Chrisley, 19, has gained fame from the show that centers around her father, wealthy real estate mogul Todd Chrisley, and his family. She has more than a million followers on Instagram and ended a lengthy relationship with musician Blaire Hanks in January before she was briefly linked to Memphis Grizzlies guard Chandler Parsons later in the winter.

Kennard, who will turn 21 Saturday, appears to be enjoying life as a celebrity, and at least we'll know he has somebody to impress if he continues his habit of adjusting his hair when he is on the floor for the Detroit Pistons.

Krzyzewski to ring opening bell at Nasdaq stock exchange Thursday in honor of Emily K Center

Before the NBA Draft begins Thursday night at the Barclays Center in Brooklyn, Blue Devil head coach Mike Krzyzewski is making the most of his trip to New York.

Krzyzewski will ring the Nasdaq Opening Bell at the stock exchange in honor of the Emily K Center and all first-generation college students at 9:15 a.m. The event will be streamed live on Nasdaq's Facebook page.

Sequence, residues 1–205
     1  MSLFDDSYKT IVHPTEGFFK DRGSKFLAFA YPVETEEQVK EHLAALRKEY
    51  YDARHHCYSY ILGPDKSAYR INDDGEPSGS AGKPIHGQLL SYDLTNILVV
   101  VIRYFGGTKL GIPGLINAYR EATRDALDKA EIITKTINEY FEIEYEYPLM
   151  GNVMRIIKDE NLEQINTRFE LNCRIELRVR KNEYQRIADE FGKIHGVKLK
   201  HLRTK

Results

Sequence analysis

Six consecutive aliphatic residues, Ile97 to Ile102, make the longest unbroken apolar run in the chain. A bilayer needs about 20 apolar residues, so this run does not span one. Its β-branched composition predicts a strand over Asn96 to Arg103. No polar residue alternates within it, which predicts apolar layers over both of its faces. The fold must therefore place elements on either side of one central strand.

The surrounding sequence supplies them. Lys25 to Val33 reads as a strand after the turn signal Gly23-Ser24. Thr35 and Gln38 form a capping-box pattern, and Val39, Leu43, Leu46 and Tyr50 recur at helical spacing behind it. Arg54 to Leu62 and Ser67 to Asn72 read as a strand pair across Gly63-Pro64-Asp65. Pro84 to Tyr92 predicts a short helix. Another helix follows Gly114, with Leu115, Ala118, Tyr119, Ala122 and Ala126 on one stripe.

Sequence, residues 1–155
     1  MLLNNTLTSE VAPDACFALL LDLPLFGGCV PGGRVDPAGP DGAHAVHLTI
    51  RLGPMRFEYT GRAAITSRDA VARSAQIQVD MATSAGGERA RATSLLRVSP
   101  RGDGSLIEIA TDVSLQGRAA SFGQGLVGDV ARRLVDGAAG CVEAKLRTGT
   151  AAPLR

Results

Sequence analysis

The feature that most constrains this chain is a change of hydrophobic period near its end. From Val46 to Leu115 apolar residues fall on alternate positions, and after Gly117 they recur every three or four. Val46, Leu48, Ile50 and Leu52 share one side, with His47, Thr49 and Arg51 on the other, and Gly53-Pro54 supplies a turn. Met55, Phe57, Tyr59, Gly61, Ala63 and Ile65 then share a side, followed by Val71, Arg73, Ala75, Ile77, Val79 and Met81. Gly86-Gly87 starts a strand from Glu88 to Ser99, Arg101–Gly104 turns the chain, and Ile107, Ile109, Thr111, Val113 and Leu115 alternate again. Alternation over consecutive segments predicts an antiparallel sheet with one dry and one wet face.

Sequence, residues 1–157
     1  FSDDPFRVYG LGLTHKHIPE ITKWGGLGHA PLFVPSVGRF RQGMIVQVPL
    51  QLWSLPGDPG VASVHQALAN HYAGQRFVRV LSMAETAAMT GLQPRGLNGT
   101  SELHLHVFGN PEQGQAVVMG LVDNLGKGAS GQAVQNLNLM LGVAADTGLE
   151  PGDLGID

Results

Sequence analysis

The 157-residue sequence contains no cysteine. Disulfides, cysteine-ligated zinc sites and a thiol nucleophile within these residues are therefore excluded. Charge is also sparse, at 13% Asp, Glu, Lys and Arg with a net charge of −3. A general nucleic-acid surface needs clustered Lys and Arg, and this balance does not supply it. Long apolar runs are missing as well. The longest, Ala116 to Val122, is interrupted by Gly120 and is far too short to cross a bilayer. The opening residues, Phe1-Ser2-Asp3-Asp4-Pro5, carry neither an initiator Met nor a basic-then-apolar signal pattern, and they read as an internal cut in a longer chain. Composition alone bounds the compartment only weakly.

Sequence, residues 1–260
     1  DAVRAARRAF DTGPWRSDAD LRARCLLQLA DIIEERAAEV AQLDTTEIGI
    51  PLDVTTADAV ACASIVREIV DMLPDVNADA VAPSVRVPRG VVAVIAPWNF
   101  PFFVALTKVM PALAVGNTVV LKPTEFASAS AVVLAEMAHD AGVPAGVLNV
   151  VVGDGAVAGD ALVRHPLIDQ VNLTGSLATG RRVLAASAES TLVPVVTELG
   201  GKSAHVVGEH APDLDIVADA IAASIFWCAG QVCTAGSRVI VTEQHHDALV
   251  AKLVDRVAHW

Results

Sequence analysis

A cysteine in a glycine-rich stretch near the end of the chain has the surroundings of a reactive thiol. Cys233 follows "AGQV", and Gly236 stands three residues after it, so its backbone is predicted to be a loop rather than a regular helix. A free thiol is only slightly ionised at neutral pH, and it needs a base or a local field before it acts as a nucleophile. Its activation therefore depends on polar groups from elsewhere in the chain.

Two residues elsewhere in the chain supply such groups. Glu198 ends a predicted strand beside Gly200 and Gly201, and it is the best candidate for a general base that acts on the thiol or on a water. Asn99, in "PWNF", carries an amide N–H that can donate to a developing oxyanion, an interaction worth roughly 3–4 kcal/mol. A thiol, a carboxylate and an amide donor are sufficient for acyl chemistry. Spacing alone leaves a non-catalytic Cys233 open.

The Emily K Center, named after Krzyzewski's mother, was founded by the head coach in 2006 and helps low-income students in Durham get to college. Every graduating high school senior that went through the "Scholars to College" program last year will attend college, with one going to Pennsylvania and becoming the first student in the program ever to attend an Ivy League school.

This week in Duke history: Olympic torch travels to Durham

It was a day of remarkable pride for city, country—and university.

On June 23, 1996, Duke track and field head coach Al Buehler reunited with former N.C. Central head coach LeRoy Walker to light the Olympic cauldron twice in Durham on its way to Atlanta for the Summer Olympics the following month. Buehler stood for more than a minute with the torch in front of the Duke Chapel, greeted by more than a thousand onlookers and "with the chapel bells playing the Olympics' theme song," according to The Chronicle.